Wind Energy-related Wildlife Impacts: Analysis and Potential Implications for Rare, Threatened and Endangered Species of Birds and Bats in Texas

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Texas currently maintains the highest installed nameplate capacity and does not require publicly available post-construction monitoring studies that examine the impacts of wind energy production on surrounding fauna. This thesis examines potential wind energy impacts on avian and bat species in Texas through a three-part objective. The first two objectives synthesize literature on variables attractive to species within wind development areas and estimate impacted ranges outside of Texas, based on studies examining wind energy's environmental impacts. The third objective focuses on Texas wind development potential for interaction with rare, threatened and endangered species of birds and bats using GIS analysis ... continued below

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vii, 153 p. : ill., maps

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Graham, Tara L. August 2010.

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This thesis is part of the collection entitled: UNT Theses and Dissertations and was provided by UNT Libraries to Digital Library, a digital repository hosted by the UNT Libraries. It has been viewed 460 times , with 6 in the last month . More information about this thesis can be viewed below.

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  • Graham, Tara L.

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Description

Texas currently maintains the highest installed nameplate capacity and does not require publicly available post-construction monitoring studies that examine the impacts of wind energy production on surrounding fauna. This thesis examines potential wind energy impacts on avian and bat species in Texas through a three-part objective. The first two objectives synthesize literature on variables attractive to species within wind development areas and estimate impacted ranges outside of Texas, based on studies examining wind energy's environmental impacts. The third objective focuses on Texas wind development potential for interaction with rare, threatened and endangered species of birds and bats using GIS analysis with a potential hazard index (PHI) model, which addresses broad-spectrum, high risk variables examined within the first two objectives. Assuming areas with higher wind speeds have potential for wind development, PHI values were calculated for 31 avian and ten bat species, based on an analysis of species range data obtained from the Texas Parks and Wildlife Department and wind data obtained from the National Renewable Energy Laboratory. Results indicate one avian species, Tympanuchus pallidicinctus, is at high risk for wind development interaction on an annual basis, with 20 species of birds and nine species of bats at higher risk during the spring season. This macro-scale approach for identifying high risk species in Texas could be used as a model to apply to other conterminous states' preliminary evaluation of wind energy impacts.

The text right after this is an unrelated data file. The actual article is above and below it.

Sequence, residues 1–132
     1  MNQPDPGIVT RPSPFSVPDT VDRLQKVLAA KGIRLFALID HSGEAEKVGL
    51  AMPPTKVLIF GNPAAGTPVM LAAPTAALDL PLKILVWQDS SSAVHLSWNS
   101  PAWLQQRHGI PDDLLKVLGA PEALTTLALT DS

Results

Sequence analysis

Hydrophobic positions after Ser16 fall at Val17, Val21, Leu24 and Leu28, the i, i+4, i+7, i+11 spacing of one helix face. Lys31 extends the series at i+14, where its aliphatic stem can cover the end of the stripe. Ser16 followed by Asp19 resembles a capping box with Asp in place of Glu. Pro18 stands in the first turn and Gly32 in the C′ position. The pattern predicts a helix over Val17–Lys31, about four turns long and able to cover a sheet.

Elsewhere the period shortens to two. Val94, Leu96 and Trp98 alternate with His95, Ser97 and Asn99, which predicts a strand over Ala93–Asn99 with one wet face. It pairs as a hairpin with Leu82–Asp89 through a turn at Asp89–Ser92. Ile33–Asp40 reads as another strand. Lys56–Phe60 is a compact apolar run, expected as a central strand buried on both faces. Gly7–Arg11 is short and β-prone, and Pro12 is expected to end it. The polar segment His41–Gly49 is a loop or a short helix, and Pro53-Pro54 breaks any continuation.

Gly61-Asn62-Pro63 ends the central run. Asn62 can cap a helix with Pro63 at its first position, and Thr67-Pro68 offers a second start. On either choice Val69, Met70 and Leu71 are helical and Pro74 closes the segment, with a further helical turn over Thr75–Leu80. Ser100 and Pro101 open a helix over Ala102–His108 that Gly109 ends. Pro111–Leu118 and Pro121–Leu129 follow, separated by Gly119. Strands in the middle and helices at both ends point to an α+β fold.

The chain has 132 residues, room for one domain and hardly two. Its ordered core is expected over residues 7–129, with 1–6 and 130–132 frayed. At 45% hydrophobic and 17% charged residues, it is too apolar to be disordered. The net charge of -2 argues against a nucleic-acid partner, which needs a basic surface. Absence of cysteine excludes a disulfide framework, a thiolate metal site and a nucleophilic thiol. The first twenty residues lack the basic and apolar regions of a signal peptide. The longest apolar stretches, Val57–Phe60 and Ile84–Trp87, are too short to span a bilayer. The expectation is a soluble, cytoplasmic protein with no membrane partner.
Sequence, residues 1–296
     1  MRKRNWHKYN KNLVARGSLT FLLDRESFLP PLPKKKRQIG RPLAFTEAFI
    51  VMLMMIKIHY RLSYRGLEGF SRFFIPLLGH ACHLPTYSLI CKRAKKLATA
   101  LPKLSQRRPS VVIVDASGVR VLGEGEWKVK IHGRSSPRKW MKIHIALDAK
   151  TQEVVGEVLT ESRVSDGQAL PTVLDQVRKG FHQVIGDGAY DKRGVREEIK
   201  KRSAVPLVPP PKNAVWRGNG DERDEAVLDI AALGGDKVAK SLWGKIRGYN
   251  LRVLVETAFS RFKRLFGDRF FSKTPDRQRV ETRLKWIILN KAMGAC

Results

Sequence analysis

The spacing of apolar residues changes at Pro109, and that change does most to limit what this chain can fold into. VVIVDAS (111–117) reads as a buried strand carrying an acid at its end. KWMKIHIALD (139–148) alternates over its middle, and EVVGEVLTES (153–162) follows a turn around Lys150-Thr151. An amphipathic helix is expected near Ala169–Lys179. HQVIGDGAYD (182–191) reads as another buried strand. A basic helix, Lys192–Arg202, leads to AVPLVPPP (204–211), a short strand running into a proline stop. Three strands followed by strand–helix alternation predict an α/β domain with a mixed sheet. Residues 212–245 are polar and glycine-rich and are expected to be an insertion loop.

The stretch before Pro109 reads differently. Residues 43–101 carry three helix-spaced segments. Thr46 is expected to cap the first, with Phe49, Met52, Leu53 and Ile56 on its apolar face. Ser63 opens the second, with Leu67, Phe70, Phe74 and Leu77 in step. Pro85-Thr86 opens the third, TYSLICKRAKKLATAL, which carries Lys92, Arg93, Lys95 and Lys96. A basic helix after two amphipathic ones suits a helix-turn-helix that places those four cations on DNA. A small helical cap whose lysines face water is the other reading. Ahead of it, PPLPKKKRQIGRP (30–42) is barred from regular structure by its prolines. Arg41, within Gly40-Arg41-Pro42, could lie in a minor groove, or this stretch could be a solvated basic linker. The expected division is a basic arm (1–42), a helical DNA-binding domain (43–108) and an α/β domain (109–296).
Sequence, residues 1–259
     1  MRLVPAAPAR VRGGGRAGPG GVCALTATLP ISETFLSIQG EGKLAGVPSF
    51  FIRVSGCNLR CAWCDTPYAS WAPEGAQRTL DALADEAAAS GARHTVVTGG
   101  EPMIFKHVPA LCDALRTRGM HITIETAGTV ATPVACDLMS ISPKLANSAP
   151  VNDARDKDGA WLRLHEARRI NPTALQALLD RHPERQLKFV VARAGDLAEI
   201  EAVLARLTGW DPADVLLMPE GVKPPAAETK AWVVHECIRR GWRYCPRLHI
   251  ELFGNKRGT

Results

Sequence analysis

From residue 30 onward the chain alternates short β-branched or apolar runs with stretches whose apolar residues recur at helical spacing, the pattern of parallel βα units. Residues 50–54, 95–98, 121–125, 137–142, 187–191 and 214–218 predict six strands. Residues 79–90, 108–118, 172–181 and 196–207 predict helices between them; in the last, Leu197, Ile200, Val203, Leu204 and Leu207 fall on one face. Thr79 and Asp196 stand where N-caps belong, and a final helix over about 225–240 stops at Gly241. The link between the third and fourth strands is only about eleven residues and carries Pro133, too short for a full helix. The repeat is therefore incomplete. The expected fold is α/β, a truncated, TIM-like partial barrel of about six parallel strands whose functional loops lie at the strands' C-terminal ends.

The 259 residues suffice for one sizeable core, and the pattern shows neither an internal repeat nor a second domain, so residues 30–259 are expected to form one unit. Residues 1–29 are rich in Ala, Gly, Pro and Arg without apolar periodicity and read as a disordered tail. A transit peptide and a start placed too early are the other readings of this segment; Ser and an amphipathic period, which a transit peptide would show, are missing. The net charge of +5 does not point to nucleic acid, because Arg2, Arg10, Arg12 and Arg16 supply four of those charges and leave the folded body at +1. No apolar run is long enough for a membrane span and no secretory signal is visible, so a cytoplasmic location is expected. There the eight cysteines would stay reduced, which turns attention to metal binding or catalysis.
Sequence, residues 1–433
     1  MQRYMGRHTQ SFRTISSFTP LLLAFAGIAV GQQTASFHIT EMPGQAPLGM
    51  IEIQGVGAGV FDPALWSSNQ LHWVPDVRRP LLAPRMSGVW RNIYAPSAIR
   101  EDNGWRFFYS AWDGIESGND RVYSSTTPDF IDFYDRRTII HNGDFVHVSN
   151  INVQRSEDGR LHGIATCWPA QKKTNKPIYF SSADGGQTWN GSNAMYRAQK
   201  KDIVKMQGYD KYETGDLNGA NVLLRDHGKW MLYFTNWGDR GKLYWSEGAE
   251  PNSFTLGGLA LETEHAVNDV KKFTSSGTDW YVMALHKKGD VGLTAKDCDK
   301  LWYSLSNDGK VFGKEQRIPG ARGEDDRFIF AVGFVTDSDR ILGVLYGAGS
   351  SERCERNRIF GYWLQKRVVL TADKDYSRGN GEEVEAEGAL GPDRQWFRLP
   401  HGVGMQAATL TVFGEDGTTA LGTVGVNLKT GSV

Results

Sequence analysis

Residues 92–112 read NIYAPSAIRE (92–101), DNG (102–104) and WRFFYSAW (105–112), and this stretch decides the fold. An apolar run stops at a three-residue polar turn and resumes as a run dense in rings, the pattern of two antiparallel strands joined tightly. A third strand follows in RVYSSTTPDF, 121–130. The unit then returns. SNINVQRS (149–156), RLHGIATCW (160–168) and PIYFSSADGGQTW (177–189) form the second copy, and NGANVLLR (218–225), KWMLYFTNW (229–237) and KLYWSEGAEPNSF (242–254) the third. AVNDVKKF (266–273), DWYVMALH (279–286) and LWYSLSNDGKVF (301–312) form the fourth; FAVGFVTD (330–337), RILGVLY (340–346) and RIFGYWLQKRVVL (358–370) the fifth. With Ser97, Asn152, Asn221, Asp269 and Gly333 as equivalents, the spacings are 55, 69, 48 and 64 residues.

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vii, 153 p. : ill., maps

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UNT Theses and Dissertations

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  • August 2010

Added to The UNT Digital Library

  • Jan. 6, 2011, 6:55 a.m.

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  • May 24, 2013, 12:37 p.m.

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Citations, Rights, Re-Use

Graham, Tara L. Wind Energy-related Wildlife Impacts: Analysis and Potential Implications for Rare, Threatened and Endangered Species of Birds and Bats in Texas, thesis, August 2010; Denton, Texas. (digital.library.unt.edu/ark:/67531/metadc30459/: accessed November 18, 2017), University of North Texas Libraries, Digital Library, digital.library.unt.edu; .